A To Z

The Nation

August 27, 2003

A is for Auburn, which could be primed for a Southeastern Conference crown and a hard run at the second national championship in school history. The Tigers might have the best defense in the land and return eight starters on each side of the ball.

B is for the Big 12 Conference, which has three strong national championship contenders in Texas, Oklahoma and Kansas State, two more programs on the rise in Missouri and Oklahoma State, and possibly has supplanted the SEC as the game's top league.

C is for the Colorado State, which has become the class of the Mountain West under Sonny Lubick. In 10 seasons under Lubick, the Rams have won or tied for six league titles, have gone to seven bowl games and have won at least seven games for a school-record nine straight years.

D is for Ryan Dinwiddie, the relatively unheralded quarterback from Boise State, which he led to its greatest season in 2002. The Broncos topped Division I-A schools in scoring offense and total offense.

E is for Eli, who might end up being the best Manning of them all. The Mississippi quarterback, brother of Peyton and son of Archie, shapes up as a Heisman Trophy candidate and the top passer in the SEC.

F is for Ralph Friedgen, the man behind the dramatic turnaround at Maryland, which has 21 victories the past two seasons, has gone to two consecutive bowl games, crushed Tennessee in last season's Peach Bowl and is rounding into an ACC powerhouse.

G is for Joe Glenn, the Wyoming coach who has won Division II and I-AA national titles, and now brings his creative offensive approach to the big time.

H is for Houston, as in Tennessee tailback Cedric Houston, who rushed for 779 yards a year ago after overcoming injuries by midseason and could be the best in the SEC if he stays healthy.

I is for Richie Incognito, the potential All-America left tackle at Nebraska, where its traditionally vaunted offensive line tumbled to ordinary status during the Cornhuskers' stunning fall to a 7-7 finish.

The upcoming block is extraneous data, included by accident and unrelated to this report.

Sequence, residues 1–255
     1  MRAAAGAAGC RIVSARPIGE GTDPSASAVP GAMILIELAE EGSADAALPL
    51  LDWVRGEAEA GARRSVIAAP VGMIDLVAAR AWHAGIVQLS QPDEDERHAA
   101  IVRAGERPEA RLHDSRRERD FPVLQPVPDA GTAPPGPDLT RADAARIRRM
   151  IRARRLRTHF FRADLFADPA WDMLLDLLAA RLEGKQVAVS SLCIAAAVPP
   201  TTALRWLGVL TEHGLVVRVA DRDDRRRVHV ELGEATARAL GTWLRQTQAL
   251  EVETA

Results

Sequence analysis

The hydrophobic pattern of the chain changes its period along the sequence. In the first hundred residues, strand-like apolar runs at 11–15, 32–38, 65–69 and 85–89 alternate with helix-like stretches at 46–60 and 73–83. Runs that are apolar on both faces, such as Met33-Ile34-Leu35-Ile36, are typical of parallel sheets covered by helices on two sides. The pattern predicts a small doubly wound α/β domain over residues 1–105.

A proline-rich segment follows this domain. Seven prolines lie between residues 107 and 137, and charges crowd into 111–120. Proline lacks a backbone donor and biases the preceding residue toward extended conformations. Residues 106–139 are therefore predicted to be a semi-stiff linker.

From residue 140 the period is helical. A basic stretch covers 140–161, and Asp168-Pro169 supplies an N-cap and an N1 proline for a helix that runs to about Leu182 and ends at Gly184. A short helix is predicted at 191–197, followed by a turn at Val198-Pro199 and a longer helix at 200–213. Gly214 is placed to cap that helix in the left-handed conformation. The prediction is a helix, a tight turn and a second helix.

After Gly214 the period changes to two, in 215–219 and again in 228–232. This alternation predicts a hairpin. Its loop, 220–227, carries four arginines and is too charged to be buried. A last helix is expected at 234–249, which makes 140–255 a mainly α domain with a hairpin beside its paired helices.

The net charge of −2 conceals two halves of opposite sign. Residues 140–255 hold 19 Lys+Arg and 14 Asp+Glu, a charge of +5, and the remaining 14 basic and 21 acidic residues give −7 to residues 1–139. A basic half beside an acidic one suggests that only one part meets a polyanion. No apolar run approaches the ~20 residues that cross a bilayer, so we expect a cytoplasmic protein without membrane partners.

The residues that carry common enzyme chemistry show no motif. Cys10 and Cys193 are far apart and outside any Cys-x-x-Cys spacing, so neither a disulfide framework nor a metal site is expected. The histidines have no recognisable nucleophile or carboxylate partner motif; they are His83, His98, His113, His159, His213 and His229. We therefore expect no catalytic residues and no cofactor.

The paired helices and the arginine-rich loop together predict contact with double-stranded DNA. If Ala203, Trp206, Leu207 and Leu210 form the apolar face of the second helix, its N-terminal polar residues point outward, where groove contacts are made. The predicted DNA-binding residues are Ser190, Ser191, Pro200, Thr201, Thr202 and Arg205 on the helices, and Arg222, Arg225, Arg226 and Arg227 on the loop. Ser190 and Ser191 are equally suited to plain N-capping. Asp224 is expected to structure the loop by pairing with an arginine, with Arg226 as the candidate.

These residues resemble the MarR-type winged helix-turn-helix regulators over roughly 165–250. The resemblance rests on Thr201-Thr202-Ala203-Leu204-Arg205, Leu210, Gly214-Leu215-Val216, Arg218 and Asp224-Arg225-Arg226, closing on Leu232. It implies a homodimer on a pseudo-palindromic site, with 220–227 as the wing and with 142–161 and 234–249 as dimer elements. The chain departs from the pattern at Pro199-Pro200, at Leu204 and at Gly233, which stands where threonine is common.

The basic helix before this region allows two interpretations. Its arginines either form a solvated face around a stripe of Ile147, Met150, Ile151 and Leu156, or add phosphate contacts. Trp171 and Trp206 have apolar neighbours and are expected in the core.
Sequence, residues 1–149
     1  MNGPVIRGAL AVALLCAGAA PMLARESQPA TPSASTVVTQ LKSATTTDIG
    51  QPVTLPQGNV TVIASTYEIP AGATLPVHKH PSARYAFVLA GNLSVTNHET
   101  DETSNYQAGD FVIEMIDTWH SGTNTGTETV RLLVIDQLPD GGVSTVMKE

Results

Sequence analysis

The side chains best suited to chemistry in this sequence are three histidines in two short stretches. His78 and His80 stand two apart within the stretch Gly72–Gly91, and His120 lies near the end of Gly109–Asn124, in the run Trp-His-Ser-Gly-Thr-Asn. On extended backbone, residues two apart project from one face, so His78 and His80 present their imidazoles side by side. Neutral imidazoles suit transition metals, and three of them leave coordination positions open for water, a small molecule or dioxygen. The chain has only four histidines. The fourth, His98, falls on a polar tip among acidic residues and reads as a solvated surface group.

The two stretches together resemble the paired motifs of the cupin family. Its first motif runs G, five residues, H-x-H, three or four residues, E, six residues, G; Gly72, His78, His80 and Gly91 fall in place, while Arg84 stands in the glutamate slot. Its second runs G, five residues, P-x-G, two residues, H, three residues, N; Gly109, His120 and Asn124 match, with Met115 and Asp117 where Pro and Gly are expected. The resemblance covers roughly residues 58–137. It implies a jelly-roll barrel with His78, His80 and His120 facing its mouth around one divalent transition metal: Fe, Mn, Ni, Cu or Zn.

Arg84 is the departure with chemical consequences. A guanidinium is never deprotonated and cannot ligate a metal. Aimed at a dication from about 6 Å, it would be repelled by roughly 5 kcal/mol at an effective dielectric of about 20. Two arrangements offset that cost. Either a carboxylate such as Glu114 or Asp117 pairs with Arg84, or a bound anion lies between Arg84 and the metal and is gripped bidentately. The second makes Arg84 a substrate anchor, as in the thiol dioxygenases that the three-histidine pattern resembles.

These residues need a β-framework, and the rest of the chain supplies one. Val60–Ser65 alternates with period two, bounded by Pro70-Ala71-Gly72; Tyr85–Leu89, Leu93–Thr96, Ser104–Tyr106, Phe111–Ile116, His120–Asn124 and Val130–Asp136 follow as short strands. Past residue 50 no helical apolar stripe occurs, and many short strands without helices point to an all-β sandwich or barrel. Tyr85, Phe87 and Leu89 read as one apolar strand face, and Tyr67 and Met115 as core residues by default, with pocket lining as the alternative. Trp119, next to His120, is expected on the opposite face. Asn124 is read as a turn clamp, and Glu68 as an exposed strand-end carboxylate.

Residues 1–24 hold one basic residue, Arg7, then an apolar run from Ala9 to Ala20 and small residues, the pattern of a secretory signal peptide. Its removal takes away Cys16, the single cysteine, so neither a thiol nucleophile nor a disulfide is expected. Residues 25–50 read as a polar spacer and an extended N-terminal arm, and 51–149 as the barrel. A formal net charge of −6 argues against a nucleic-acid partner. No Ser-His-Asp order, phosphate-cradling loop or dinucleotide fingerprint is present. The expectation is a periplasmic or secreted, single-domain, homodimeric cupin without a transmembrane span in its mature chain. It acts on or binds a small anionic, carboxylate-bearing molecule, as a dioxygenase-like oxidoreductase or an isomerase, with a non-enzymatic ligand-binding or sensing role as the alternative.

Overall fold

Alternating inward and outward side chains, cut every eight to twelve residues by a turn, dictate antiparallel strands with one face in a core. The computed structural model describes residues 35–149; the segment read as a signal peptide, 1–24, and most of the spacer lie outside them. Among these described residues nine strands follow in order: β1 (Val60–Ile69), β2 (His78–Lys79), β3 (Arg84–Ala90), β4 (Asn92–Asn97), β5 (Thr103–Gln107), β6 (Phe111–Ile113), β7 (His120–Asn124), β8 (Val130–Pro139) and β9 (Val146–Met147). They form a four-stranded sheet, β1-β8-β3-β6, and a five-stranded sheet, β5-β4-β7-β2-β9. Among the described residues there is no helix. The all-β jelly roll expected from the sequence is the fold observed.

M is for Scott McBrien, the senior Maryland quarterback who improved remarkably over the course of his junior year, led the Terps to a rout over Tennessee in the Peach Bowl and ended up as one of the game's most proficient passers.

N is for saying No to leaving college early for the riches of the NFL. Among the biggest names who decided to stick around for senior seasons are quarterbacks Cody Pickett (Washington) and Philip Rivers (North Carolina State) and wide receivers Roy Williams (Texas) and Rashaun Woods (Oklahoma State).

O is for Oklahoma, which will be back in the thick of a title chase and could ride its defense all the way to the Sugar Bowl.

J is for Jared Parseghian, the junior place-kicker from Miami (Ohio) and the great-nephew of Notre Dame coaching legend Ara Parseghian. Jared led the Mid-American Conference in accuracy a year ago.

K is for Craig Krenzel, the Ohio State quarterback who doesn't possess a strong arm or quick feet but did have enough poise, unselfishness and smarts -- he is a molecular genetics major -- to lead the Buckeyes to the national championship.

L is for the Lombardi Award, which recognizes the nation's top interior lineman. Among the leading candidates are Oklahoma junior defensive tackle Tommie Harris and Georgia defensive end David Pollack.

P is for Penn State coach Joe Paterno, the Happy Valley legend, who is not on the hot seat entering his 38th season, but is presiding over a proud yet declining program.

Q is for Miami (Fla.) fullback Quadtrine Hill, a 6-foot-2, 212-pound sophomore who will clear the way for tailback Frank Gore, completing what should be another potent Hurricanes backfield.

R is for Georgia coach Mark Richt, who, at 43, is one of the brighter young minds running a big-time program. He also needs to regain control of a program in which numerous players got into off-the-field problems this year.

S is for David Shula, the coach charged with the task of bringing stability to an Alabama program scarred by the embarrassing and premature end to Mike Price's tenure.

T is for Tennessee State, where quarterback Adrian McPherson ended up after getting into legal trouble at Florida State.

U is for USC, which, under the leadership of Pete Carroll, finally has returned to the top of the Pacific-10 and looks formidable despite the loss of quarterback Carson Palmer to the NFL.

V is for Virginia Tech, a Big East powerhouse for quite some time. Next year, the Hokies enter a much more competitive world in the ACC.

W is for Miami (Fla.) tight end Kellen Winslow, the son of the NFL Hall of Fame tight end of the same name. The son already is the best in the land at his position.

X is for Xavier Beitia, the Florida State kicker who needs to improve his accuracy to help the Seminoles regain their status as one of the nation's top teams. Beitia missed nine of 28 field-goal attempts, including five from inside the 40.

Baltimore Sun Articles
Please note the green-lined linked article text has been applied commercially without any involvement from our newsroom editors, reporters or any other editorial staff.